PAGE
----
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Bernie Sanders' campaign says superdelegates are like college football recruits

On some level, the Democratic National Convention is basically a giant hat ceremony.

Natalie Behring/Getty Images

Bernie Sanders is still campaigning against Hillary Clinton for the Democratic nomination for president. Sanders is well behind Clinton in primary voting, but he's at least partially hanging his chances on a quirk in the nominating process.

When states hold presidential primaries, they dole out delegates – sometimes winner-take-all, sometimes proportionally – to candidates who have gotten certain shares of the vote in the primaries. Many of these delegates are "pledged" to automatically support a specific candidate at the party convention, which ultimately decides the nominee.

But 700-some party elites are "superdelegates" who get to support whomever they want at the convention, even if the state they represent didn't vote for that person. Sanders thinks he can convince these people to support him, and he's rationalized it thusly:

They're like college football recruits!

"I think what's important to remember here is that superdelegates are kind of like football recruits," said Sanders press secretary Symone Sanders in an interview with CNN's "New Day." "You know, they say they are coming but until they have signed on the dotted line and they're in practice, you don't know that they're all the way with you and that they're on your team. And so we think that we still have time to garner support from these superdelegates, especially when we're winning."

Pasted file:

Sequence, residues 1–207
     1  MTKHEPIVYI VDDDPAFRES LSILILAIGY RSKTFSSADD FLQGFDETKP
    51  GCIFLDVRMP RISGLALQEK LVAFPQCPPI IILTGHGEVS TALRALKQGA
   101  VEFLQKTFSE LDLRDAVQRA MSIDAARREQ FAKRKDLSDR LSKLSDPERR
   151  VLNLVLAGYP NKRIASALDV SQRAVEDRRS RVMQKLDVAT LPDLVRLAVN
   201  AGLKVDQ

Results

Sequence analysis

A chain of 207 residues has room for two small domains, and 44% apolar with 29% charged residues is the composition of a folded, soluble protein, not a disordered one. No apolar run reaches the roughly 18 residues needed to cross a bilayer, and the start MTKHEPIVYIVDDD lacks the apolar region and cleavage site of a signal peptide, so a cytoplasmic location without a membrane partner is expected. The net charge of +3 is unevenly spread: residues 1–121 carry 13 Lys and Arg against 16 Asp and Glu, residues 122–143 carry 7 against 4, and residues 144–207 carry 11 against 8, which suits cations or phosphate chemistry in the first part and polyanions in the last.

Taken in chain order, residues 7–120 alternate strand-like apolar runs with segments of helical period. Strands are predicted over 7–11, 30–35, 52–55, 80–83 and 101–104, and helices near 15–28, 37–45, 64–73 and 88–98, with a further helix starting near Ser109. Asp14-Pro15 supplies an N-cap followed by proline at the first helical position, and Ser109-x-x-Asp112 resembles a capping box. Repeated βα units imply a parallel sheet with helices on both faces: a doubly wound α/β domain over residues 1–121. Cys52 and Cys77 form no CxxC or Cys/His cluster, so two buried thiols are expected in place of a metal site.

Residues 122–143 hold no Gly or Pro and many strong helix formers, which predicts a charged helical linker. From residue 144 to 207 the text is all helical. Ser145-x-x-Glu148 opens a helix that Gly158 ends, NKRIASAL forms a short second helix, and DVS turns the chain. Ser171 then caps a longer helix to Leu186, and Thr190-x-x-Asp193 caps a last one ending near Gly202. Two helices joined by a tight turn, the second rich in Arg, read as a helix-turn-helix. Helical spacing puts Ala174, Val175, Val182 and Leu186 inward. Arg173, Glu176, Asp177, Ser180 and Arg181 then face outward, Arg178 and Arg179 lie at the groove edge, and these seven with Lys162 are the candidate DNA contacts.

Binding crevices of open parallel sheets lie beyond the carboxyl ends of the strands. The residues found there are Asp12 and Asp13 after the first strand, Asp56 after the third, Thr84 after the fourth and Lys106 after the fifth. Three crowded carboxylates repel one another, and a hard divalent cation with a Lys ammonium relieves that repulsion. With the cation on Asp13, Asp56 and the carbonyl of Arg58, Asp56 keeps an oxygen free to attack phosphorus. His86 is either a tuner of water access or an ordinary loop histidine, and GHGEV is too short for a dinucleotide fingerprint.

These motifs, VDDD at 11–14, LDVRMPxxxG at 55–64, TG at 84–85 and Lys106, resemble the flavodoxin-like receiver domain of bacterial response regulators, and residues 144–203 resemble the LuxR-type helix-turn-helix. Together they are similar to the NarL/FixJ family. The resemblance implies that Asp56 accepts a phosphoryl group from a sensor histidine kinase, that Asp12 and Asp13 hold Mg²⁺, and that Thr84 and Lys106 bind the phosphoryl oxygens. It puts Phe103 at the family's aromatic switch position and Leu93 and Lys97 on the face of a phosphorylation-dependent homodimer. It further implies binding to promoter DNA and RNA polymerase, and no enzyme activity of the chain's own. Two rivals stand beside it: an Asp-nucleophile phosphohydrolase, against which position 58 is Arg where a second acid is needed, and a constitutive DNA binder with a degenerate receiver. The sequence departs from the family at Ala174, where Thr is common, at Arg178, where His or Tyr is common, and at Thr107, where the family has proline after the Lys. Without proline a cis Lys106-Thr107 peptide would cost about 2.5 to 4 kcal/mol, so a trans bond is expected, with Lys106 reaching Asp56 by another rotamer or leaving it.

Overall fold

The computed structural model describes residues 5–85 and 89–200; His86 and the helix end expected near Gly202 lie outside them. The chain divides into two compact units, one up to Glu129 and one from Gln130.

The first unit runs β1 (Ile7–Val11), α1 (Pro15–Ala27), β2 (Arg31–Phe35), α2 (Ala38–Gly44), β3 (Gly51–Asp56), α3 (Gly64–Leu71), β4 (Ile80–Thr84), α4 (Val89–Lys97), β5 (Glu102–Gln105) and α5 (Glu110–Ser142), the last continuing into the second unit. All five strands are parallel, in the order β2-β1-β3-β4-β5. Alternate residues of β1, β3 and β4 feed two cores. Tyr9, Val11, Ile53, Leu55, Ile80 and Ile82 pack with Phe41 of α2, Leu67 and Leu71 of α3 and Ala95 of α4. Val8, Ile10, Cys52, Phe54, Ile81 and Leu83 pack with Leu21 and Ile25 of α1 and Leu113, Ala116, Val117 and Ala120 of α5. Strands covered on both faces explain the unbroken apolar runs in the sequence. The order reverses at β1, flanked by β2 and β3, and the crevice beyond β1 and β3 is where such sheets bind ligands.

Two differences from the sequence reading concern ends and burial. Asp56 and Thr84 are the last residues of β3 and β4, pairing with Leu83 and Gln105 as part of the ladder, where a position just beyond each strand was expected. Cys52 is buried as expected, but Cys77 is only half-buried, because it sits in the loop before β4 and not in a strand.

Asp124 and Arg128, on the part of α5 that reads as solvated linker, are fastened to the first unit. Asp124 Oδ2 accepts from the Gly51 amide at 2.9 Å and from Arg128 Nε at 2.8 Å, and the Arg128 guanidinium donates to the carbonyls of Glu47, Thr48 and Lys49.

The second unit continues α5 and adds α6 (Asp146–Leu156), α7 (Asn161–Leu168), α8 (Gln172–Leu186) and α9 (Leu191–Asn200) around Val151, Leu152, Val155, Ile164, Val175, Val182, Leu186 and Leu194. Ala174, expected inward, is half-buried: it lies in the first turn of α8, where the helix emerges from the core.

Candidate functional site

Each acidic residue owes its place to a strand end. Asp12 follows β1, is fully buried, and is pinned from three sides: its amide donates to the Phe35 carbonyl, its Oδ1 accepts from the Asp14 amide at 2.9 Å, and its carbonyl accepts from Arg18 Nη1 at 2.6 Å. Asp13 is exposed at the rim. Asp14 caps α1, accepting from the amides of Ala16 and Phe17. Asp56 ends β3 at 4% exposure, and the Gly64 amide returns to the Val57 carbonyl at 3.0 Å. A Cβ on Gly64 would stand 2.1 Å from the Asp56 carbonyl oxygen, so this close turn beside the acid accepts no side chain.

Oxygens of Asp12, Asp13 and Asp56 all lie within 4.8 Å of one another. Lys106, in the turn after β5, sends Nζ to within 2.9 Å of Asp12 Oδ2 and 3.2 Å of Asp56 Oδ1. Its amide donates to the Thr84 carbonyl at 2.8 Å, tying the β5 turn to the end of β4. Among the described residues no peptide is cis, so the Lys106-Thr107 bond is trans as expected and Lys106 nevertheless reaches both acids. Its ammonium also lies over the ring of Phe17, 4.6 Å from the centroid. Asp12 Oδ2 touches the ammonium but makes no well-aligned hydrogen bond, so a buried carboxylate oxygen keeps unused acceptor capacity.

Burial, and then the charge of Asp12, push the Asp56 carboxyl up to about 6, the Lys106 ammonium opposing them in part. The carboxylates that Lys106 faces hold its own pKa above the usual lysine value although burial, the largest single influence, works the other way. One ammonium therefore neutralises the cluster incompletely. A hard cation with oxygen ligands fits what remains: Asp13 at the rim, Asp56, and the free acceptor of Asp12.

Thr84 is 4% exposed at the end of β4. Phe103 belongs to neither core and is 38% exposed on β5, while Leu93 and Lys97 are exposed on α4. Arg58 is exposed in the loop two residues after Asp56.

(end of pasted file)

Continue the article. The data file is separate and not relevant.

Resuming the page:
This is an odd strategy for Sanders, because superdelegates and other Democratic insiders tend to overwhelmingly support Clinton over him.

Let's run, for a moment, with the recruiting parallel. It's like Sanders is the coach at Texas State, and it's a few months out from National Signing Day. There are a bunch of five-star prospects still on the board, and Texas State Head Coach Bernie Sanders is just feeling really good about beating out Alabama for all these blue-chip players, despite every major recruiting service expecting the star players to sign with the Tide or some other major program.

To be fair to Sanders, though, party conventions have one thing closely in common with football recruiting. At the end of the day, both of them are just giant hat ceremonies with lots of media:


(Photo: Mark Wilson/Getty Images)


(Photo: Richard Dole-USA TODAY Sports)

Basically the same thing.